For regional valuation of ecosystems as carbon sinks, current technology must be scaled up so that ecological data can be extrapolated to wider areas including territories in developing countries. One potential technology is quantitative classification through remote sensing, a technology that allows continuous collection of data from across a landscape (Hong et al. 2008). Remote sensing and geographic information systems (GIS) are increasingly being used as tools to make an inventory of ecosystem resources, integrate data, and support decision making through analysis, modeling (Wang and Nakagoshi 2010), and forecasting (Johaerudin and Nakagoshi 2011).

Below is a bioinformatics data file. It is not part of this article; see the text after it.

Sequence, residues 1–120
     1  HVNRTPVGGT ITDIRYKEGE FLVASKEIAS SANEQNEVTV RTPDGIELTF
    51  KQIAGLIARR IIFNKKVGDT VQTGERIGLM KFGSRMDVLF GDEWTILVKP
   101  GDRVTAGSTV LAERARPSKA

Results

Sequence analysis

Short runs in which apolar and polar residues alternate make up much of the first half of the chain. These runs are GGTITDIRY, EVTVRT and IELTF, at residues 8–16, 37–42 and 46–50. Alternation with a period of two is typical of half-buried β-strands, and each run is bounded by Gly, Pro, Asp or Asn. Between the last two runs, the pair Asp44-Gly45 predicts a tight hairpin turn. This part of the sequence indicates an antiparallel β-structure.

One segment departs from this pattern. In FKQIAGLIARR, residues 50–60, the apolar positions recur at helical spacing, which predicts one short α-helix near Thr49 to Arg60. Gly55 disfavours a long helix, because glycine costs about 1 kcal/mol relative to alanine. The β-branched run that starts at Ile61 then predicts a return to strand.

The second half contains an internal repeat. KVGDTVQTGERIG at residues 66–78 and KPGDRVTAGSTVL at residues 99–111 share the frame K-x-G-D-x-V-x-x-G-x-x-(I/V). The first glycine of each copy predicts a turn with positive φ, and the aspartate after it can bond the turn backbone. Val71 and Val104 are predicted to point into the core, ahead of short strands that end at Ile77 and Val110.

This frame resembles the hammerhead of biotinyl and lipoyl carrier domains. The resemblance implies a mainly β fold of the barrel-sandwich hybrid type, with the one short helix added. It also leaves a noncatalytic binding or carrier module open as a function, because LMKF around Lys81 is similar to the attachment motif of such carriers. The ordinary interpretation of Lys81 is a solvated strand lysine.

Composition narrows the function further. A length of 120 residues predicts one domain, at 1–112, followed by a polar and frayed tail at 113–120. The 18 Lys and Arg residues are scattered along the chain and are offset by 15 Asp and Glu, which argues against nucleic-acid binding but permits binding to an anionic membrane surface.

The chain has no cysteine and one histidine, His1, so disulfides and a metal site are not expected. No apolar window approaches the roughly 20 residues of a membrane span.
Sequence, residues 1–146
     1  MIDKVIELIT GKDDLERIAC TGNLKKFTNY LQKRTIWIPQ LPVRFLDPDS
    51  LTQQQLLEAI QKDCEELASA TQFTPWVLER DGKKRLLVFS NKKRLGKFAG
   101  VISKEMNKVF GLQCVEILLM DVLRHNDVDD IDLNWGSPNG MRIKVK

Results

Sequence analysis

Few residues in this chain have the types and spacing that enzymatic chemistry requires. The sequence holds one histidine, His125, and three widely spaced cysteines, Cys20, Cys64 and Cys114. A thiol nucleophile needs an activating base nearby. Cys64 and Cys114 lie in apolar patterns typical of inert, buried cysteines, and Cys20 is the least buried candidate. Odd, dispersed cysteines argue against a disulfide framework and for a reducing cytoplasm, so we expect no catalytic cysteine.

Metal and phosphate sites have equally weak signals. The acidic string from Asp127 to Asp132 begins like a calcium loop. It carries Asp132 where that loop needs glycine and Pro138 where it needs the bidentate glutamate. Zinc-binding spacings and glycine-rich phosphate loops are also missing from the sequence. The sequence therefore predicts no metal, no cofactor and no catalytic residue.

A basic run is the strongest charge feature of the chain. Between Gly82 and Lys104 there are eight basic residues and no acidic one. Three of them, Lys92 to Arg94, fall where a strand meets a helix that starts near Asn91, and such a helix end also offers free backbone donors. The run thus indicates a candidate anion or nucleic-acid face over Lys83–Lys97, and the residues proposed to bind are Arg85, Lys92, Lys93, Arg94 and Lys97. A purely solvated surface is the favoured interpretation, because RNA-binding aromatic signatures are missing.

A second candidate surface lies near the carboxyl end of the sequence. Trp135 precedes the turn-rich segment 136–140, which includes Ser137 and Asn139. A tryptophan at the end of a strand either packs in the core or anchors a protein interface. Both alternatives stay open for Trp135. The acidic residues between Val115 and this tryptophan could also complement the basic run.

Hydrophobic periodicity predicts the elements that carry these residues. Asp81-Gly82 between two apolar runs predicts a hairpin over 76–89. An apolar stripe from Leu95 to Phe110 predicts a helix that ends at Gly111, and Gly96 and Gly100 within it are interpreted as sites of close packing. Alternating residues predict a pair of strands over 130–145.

Under this research theme, we focus on the following three technical research aims. The first is improvement in multistage sensing systems that can provide timely and accurate information at different scales for concurrent prediction of biomass in ecosystems. The second is the development of methods for monitoring human impact on ecosystems. The third aim is the proposal of precision ecosystem management schemes that can achieve successful results which reflect plants (Rotaquio et al. 2008; Kaneko et al. 2008; Kohri et al. 2011), animals (Wicaksono et al. 2011), landscape (Lubis and Nakagoshi 2011), and economic responses (Diep et al. 2012a, b).